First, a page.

Just as many airlines have formed alliances such as Sky Team, Freeland constantly works to form strategic partnerships that bring together local partners, regional connections and international knowhow. This Wildlife Friendly Skies was no different. After the opening remarks from all partners, the Kenya Wildlife Service (KWS) provided a technical overview of the scale of wildlife trafficking within the country. After that, Freeland provided an overview of wildlife trafficking, along with in-depth insight into the reasons why demand for ivory is high in China. It was clear that the majority of the participants had never heard, or for that matter never thought of, the reasons behind the desire for elephant ivory in Asia that are fueling the poaching of African elephants. I was personally shocked when KWS revealed their seizure figures. In 2013, KWS seized more than 15,000 ivory pieces, yet they recorded 300 poached elephants. It was clear to all of us that Kenya, and Nairobi specifically, was playing a crucial yet unwitting role in the global ivory trade.
The workshop continued with specific case studies from Nairobi’s airport presented by the Association for Southeast Asian Nations (ASEAN) – Wildlife Enforcement Network’s Law Enforcement Extension Office, commonly known as ASEAN-WEN LEEO. ASEAN-WEN is the leading example of how governments can come together to stop wildlife trafficking. We all know that drugs and guns are smuggled from one country to another, but what many of us overlook is that wildlife is smuggled the same way. ASEAN-WEN, launched 10 years ago, is an agreement between the 10 Southeast Asian countries to share information and work together to combat wildlife crime.
Just as the civilian employees of the airport were intrigued to hear why Chinese and others wanted African ivory so much, the law enforcement officers in attendance were eager to learn how different regions of the world were working together to combat this illicit trade.
The final session of the workshop focused on what I personally believe is most important. No matter who we are or what our job is, each of us as individuals has a role to play in protecting wildlife and the critical biodiversity that they represent. In my final presentation, I told the participants what to do if they see wildlife being trafficked – always avoid touching animals and wait until experts arrive; if you must handle the animals, protect yourself from disease with a mask and gloves, and most importantly, if you have any suspicions at all, report them.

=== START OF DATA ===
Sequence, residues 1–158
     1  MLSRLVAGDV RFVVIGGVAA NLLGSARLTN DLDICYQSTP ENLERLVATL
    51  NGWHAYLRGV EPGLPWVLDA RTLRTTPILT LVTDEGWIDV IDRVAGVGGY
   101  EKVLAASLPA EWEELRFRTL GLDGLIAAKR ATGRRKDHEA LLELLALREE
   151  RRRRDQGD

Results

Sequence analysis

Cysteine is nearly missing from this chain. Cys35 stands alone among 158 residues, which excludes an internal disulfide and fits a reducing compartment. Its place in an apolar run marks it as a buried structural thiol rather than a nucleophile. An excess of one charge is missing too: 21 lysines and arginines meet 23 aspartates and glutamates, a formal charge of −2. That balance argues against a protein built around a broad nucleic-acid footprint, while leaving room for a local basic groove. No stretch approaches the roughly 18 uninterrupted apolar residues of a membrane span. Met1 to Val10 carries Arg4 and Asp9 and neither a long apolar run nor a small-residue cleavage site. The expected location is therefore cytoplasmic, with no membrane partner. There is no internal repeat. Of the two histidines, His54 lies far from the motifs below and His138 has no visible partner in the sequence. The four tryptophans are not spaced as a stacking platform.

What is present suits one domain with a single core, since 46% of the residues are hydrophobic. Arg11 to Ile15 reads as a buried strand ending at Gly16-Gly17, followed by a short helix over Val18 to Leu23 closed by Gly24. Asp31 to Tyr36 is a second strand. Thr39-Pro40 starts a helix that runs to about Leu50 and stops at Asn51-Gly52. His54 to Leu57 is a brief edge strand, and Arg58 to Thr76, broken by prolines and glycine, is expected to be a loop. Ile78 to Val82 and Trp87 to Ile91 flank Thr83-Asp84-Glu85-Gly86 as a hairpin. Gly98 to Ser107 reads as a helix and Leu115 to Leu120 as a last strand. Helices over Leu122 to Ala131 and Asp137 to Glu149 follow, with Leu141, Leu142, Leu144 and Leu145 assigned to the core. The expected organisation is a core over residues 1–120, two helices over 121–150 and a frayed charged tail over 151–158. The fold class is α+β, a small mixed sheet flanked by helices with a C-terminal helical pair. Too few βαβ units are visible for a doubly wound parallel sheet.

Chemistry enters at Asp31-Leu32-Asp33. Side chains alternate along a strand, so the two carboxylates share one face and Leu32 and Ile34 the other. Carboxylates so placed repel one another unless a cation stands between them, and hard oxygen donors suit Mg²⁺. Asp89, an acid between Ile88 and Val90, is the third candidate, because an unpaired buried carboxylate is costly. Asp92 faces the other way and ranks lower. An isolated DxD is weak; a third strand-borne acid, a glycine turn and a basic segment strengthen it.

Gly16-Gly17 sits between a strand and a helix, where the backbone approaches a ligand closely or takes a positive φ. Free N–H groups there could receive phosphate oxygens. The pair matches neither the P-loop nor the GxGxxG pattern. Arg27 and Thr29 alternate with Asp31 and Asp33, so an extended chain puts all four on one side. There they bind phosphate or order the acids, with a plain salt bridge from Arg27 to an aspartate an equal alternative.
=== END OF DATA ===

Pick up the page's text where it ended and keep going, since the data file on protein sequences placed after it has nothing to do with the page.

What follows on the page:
After the final presentation, we were lucky enough to have a demonstration from the KWS Officers working at the airport with sniffer dogs. They set up 10 suitcases right in the middle of the room and hid an ivory tusk in one of them. The handler then let loose ‘Dick’, an aging German Shepherd who proceeded to run through the entire crowd until he found the row of bags. After taking a quick sniff of each one, he had found his target and proceeded to tear the bag apart until he had his tusk. Everyone, myself included, was impressed.
We conducted the same workshop for another 100+ staff in the afternoon, and after working for so many hours, I realized I wasn’t even tired. I was only aware of having truly made an impact.
After the workshop and through many emails sent over the following days, I received many forms of praise from both participants and organizers. Even one of the cabin crew on our return flight, who remembered each of us by name, enthusiastically talked about the event and shared how she had never realized that she too could do something to help stop wildlife trafficking.
I left Kenya feeling very proud that the Freeland team and our amazing partners had managed to pull off a very successful event and the results of this would be heard throughout the industry, and ultimately lead to change among airlines.
I am extremely passionate about my job and the work I do but, honestly, there was a part of me that wanted to visit Africa for my own reasons. I wanted to see the place I have dreamt of and talked about exploring with my father since I was a child. However, in the end, and after talking to the participants, I realized that my trip to Kenya had a profound effect on more than myself. “I never knew that I could help, and that all of us have a role to play in stopping wildlife trafficking,” the flight attendant said as we got off the plane in Bangkok. That pretty much says it all.
The Wildlife Friendly Skies workshop was conducted for Kenya Airways with support from the International Airline Training Fund. Key partners for the event included the African Wildlife Foundation, The Association of Southeast Asian Nations Wildlife Enforcement Network’s Law Enforcement Extension Office, the International Air Transport Association and the Kenya Wildlife Service.
Written By: Matthew Pritchett, Wildlife Friendly Skies Project Manger